On encryption for translators

 

 

I wrote a chapter about this in the book. Some said it was ‘too technical’ for translators, but in my eyes that has always been the same as saying remembering your PIN number is too technical for card payers. You have to make some effort with security or you allow unnecessary risk. People are notoriously bad at judging risk (myself included), but most of us are happy with insurance arrangements. Good security is akin to a good insurance policy. Invest a little time and money in it, check it from time to time.

 

Here’s an excerpt from email from a mailing list for translators I’m on:

 

“A medical company [have] now sent another additional document which requires further steps to be taken by the translator in order to be able to receive work from them. [...] one of the requirements is using an encryption software (for example TrueCrypt, Bitlocker or other) on all PCs.”

 

They go on to ask how it would affect their PCs and what ‘brand’ of software would be recommended. I took the chance to answer, and will share that answer here. May as well share the things I’ve been reading about for all these years, make some use of it!

 

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If you're just ticking boxes and don't want to get too 'involved' in data security, just opt for the Windows-supplied encryption (Bitlocker). It really will do everything required and won't cause any undue heartache. That's assuming you're running a flavour of WIndows. If not, Macs have a standard solution called FileVault which is a very simple switch-on and forget affair. Both are really highly recommended if there's any chance your machine  could be stolen at any point in its life. Less likely for a desktop, but still, not zero chance.

 

As someone who's looked into this for several years now, to the extent where I'm wary of *any* third-party services (including the big names), I'd say that is the best direction to go in. I'm assuming you're not a Linux user, but most versions (a.k.a. distros) provide an option much like the above two. Usually on install. Sometimes after the fact. Leave Truecrypt (in particular) and Veracrypt alone if you have access to the options above.

 

I ought to mention that the maths behind encryption make it extremely hard to crack, depending on a strong password, and so do it is particularly important to make sure you follow the instructions given when enabling encryption to backup the recovery key to at least 2 locations (USB stick, print out, etc.). It typically takes the fastest mainframe computers months to dozens of years of intense full-time computing to reverse the maths used - computers that very few people have access to. The process of finding the multiplication factors of the huge (thousands of characters) prime number generated is extremely time-consuming and more or less impossible for the lay person. So frequent backups, tests of backups etc. are always recommended.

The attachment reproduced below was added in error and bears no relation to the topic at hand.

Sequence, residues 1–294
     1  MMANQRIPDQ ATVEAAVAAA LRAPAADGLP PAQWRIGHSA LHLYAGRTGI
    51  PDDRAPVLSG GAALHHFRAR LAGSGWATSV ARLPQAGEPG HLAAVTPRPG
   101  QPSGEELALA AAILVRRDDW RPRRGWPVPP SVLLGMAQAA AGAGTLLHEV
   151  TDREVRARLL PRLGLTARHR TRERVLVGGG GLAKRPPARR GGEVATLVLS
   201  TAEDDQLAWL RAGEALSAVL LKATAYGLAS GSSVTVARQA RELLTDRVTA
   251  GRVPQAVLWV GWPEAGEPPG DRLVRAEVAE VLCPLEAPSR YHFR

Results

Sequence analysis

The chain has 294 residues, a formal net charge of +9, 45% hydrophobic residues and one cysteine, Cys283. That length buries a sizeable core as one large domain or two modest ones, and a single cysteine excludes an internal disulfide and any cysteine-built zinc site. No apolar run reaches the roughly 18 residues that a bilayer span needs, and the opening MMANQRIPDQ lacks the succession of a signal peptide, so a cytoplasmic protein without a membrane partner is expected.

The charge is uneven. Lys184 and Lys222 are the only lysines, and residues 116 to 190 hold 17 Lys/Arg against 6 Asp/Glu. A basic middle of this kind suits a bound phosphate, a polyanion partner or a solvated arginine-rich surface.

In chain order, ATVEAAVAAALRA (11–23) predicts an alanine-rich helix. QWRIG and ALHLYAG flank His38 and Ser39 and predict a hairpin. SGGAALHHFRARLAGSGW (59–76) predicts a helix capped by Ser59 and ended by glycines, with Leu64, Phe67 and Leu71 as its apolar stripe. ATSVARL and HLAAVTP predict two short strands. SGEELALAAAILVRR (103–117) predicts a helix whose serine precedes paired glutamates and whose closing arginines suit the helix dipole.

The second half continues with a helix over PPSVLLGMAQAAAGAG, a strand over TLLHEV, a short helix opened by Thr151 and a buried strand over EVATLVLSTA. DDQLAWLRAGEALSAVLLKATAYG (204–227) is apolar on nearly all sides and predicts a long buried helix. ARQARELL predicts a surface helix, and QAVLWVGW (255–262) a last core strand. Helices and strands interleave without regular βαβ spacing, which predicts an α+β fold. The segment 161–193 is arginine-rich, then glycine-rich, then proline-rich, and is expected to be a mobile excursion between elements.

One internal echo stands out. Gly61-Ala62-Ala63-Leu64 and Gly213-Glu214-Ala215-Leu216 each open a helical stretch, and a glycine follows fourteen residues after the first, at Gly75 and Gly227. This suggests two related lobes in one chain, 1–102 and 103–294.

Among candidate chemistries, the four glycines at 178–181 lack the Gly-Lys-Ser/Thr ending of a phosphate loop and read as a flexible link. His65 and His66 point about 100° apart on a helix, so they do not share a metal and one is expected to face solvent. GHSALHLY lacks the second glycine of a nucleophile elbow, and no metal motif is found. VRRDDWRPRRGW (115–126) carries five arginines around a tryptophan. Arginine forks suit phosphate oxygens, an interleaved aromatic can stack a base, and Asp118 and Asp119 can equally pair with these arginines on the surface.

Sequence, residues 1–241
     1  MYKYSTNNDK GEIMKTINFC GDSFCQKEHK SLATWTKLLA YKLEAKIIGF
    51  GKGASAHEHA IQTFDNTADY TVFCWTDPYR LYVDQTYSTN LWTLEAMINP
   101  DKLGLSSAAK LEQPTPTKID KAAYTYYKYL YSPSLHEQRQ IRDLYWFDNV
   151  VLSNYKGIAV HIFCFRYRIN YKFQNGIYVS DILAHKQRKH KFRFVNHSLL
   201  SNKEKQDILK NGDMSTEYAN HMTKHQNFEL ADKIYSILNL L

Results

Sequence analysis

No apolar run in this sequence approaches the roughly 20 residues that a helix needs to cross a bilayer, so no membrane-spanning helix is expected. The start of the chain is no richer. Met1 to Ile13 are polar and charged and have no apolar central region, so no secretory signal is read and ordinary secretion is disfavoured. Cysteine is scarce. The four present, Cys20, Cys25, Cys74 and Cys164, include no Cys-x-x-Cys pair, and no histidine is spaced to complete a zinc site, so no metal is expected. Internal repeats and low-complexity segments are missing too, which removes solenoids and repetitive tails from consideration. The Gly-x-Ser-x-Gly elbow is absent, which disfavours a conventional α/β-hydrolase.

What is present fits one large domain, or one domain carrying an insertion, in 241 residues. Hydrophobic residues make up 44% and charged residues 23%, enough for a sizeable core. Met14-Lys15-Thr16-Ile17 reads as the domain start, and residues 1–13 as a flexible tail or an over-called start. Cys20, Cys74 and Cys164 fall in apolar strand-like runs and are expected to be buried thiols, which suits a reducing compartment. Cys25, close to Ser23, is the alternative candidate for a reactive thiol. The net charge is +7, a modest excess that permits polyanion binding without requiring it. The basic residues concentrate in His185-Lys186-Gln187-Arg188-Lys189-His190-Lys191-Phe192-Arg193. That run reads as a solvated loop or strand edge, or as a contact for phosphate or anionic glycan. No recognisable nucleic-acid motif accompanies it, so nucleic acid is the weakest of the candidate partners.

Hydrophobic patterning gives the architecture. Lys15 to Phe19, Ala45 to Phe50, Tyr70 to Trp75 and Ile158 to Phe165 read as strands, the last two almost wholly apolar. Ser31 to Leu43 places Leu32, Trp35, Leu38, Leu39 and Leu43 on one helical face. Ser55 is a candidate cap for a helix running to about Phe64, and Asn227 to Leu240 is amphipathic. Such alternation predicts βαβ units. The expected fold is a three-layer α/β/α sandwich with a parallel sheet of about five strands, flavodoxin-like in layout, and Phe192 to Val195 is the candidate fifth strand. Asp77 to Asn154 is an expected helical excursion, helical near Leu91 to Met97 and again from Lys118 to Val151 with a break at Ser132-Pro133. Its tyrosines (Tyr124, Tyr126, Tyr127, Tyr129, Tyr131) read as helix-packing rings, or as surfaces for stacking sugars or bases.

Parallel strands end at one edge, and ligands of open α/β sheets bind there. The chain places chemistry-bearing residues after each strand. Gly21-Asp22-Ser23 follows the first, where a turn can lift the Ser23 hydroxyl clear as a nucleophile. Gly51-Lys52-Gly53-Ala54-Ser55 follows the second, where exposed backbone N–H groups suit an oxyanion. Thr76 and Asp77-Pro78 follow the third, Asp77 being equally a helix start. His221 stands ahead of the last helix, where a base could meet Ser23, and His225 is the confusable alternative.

I should also note, for posterity, that your machine is not encrypted when 'sleeping' or on. The encryption keys will be in memory and there is an obscure attack (known unfortunately as the 'evil maid' attack,) that can take these, but if you're concerned about that level of breach you would be in a different situation entirely!

 

The only other alternative is to use software like 7zip (available on all OSs) to encrypt files and folders individually. It is less convenient than full-disk encryption, but offers more granular control.

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I wanted to add, but for the sake of brevity didn’t, a note about current security practices in the translation and small business community in general. They are not what I would call good. But it is relatively easy to secure files and emails, so I’ll probably write a few more posts soon to cover the various options. Sure there must be one or two out there it’d be of some use to.

Published by using 668 words.

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